The National Plan for the Reduction of Addictive Behaviours and Dependencies 2013-20 states that treatment interventions should be based on a comprehensive diagnosis of each citizen’s full biopsychosocial needs, be accessible and adaptable, be based on scientific evidence in terms of effectiveness, efficiency and quality, and be underpinned by guidelines.
Healthcare for drug users was reorganised in Portugal in 2013-14, and it is now provided by the Referral Network for Addictive Behaviours and Dependencies. The network encompasses public specialised services of treatment for illicit substance dependence, under the authority of Regional Health Administrations of the Ministry of Health, NGOs and other public or private treatment services interested and competent in provision of care. The network ensures wide access to quality-controlled services provided through several treatment modalities and in integration with other, non-health, services to this vulnerable population. The public services are provided free of charge and are accessible to all drug users who seek treatment. The network envisages three levels of care: (i) primary healthcare services (ii) specialised care, mainly in outpatient settings; and (iii) differentiated care, mainly in inpatient settings (detoxification units, therapeutic communities, day centres and/ or specialised mental or somatic healthcare).
Drug treatment in Portugal: settings and number treated
NBYear of data 2015.
Trends in percentage of clients entering specialised drug treatment, by primary drug, in Portugal
NB Year of data 2015.
Opioid substitution treatment in Portugal: proportions of clients in OST by medication and trends of the total number of clients
NB Year of data 2015.
Although the model accepts that clients can enter treatment at any of these levels, in the long term it is expected that clients will enter treatment through first-level services, that is, primary healthcare.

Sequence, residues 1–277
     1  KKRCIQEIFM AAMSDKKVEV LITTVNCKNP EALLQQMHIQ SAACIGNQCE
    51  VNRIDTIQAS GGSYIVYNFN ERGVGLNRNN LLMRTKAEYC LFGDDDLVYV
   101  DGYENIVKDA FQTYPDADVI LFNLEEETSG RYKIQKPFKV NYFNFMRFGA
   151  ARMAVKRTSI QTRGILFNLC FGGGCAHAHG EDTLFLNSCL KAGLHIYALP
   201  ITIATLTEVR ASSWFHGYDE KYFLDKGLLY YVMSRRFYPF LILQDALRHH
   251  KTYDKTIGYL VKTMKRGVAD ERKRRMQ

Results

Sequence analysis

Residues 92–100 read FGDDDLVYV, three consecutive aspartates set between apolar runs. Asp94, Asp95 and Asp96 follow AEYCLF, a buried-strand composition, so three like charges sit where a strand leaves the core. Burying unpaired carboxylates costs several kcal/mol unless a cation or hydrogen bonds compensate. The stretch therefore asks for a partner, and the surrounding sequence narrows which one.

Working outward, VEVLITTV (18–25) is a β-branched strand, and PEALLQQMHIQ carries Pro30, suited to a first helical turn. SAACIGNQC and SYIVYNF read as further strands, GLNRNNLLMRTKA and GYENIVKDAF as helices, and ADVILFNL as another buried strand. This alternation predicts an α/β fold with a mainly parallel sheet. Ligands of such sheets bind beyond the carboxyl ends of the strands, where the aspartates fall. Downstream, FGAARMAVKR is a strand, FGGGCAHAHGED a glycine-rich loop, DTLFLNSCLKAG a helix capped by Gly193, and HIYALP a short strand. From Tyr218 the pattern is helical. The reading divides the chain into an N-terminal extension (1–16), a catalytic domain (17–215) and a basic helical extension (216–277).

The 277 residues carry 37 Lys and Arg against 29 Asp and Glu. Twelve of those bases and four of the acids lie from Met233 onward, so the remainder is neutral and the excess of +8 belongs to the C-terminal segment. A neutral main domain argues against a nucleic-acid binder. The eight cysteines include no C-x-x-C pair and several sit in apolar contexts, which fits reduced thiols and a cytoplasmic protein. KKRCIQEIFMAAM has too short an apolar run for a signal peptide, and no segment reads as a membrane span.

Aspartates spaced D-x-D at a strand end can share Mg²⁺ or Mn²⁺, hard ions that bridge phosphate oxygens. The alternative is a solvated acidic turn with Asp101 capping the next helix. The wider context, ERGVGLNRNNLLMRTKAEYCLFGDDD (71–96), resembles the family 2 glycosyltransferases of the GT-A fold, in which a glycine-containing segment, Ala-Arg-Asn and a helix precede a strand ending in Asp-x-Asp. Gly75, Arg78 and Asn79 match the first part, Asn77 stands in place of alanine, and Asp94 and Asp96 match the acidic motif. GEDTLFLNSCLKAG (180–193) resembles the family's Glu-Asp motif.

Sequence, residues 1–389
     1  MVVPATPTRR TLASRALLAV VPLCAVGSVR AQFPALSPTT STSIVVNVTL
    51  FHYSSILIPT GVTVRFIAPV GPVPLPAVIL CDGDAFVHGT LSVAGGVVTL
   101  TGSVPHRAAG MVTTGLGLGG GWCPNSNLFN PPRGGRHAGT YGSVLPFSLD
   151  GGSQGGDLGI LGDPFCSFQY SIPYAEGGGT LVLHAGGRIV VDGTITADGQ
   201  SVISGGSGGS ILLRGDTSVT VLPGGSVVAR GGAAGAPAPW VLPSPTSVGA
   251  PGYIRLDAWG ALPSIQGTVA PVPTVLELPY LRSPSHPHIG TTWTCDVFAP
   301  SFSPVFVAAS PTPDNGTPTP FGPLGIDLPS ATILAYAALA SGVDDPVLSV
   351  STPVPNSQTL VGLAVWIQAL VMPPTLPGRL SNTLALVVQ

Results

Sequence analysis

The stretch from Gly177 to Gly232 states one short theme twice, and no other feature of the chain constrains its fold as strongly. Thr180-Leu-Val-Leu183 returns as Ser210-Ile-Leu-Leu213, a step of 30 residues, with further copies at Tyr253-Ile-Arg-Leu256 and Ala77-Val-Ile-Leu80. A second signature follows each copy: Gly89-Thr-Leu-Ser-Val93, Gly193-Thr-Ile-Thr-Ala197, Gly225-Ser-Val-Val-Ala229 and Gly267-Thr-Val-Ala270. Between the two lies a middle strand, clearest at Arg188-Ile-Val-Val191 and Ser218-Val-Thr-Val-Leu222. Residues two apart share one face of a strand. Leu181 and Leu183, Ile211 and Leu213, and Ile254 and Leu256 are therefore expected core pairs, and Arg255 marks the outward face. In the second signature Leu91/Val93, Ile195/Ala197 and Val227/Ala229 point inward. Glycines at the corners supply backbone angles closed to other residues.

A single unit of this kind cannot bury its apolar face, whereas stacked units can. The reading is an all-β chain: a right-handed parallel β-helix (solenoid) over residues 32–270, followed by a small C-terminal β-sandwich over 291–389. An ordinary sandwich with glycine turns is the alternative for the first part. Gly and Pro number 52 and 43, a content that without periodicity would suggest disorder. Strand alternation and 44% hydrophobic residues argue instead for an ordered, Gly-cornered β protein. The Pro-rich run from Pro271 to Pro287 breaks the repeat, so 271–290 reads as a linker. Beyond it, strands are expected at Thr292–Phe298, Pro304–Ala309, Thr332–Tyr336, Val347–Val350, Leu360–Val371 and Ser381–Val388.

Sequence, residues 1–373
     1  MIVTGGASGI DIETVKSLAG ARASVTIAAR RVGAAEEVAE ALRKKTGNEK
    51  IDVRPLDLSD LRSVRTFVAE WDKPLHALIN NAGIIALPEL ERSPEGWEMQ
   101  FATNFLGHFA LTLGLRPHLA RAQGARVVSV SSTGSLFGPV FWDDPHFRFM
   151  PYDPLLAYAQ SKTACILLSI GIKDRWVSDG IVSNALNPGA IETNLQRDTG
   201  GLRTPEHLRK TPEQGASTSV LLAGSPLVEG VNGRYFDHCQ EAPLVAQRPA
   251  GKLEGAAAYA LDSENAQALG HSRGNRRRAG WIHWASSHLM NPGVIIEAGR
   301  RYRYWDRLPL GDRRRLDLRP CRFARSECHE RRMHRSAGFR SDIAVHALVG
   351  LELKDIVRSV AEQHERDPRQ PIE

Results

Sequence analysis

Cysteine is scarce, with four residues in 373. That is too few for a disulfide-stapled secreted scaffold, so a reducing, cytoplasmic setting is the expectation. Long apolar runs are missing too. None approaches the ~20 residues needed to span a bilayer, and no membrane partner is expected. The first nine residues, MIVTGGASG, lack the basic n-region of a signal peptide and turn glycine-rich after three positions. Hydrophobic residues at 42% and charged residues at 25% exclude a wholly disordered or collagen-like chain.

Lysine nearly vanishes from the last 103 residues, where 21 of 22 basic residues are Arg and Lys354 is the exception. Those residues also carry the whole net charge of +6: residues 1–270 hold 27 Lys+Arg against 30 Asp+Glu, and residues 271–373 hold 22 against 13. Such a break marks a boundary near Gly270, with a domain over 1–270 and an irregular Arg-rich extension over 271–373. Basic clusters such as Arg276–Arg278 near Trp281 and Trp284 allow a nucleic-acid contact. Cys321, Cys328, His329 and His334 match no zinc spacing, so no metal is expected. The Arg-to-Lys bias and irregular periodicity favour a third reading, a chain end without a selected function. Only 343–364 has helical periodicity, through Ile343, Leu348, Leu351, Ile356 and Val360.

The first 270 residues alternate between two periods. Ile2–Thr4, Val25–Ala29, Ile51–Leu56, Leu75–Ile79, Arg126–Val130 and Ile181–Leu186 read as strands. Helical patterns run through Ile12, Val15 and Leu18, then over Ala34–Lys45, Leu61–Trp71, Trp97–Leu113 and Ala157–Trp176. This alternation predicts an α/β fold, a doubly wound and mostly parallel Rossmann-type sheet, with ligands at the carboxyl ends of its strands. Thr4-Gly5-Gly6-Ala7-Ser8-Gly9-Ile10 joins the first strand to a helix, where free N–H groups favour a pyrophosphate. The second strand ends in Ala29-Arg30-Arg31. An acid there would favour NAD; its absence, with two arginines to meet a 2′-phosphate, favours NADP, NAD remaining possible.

Outpatient treatment is available at all three levels of care; however, the main providers of outpatient treatment are second-level services and include 72 specialised treatment teams from the integrated response centres. These treatment teams are usually the first point of contact for the clients. From there, referrals are made to public or private detoxification units or therapeutic communities. All centres provide both psychosocial care and opioid substitution treatment (OST). Activities that are primarily aimed at early intervention and the provision of counselling take place in general healthcare centres, while mental health services provide care to drug users with mental comorbidities.
Inpatient treatment is mainly provided through third-level care services. This includes short-term withdrawal treatment (7-10 days usually), which is available in eight public and private detoxification units. There are also 59 therapeutic communities, which usually provide 3- to 12-month residential treatment programmes. Therapeutic communities are mainly privately owned and publicly funded. Recently, a new programme of extended duration (up to three years) has been designed to meet the needs of clients who require longer term support services. Although treatment of opioid use remains a focus of the drug treatment system, special programmes for cannabis and cocaine users have also been created. In Portugal, OST is widely available through public services such as specialised treatment centres, health centres, hospitals, pharmacies, NGOs and non-profit organisations. Methadone has been available since 1977 and buprenorphine since 1999; the buprenorphine/naloxone combination was approved for use in 2007. Methadone maintenance treatment (MMT) can be initiated in treatment centres, and buprenorphine treatment can be initiated by any medical doctor, specialised medical doctors and treatment centres. MMT is free of charge to the client, while buprenorphine-based medications are available in pharmacies, with the National Health System covering 40 % of the market price of the medication.
In 2015, approximately 27 000 clients — the majority of those in treatment — were treated in outpatient services, while about 3 500 clients were treated in inpatient services. This number has been decreasing since 2010. Of the 3 389 clients entering treatment in 2015, three out of every five were first-time clients. The number of previously treated treatment entrants has been decreasing since 2012, while the number of first-time entrants has been stable over this period. Since 2012, there has been an increase in the proportion of entrants reporting primary cannabis use and a decrease in the proportion reporting primary opioid use. Among first-time entrants, cannabis has been the most commonly reported primary drug since 2014.
In 2015, 17 011 clients received OST in Portugal. About 66 % of clients in OST receive MMT, while the remaining clients receive buprenorphine-based treatment. The number of OST clients decreased between 2010 and 2013 and has been relatively stable since.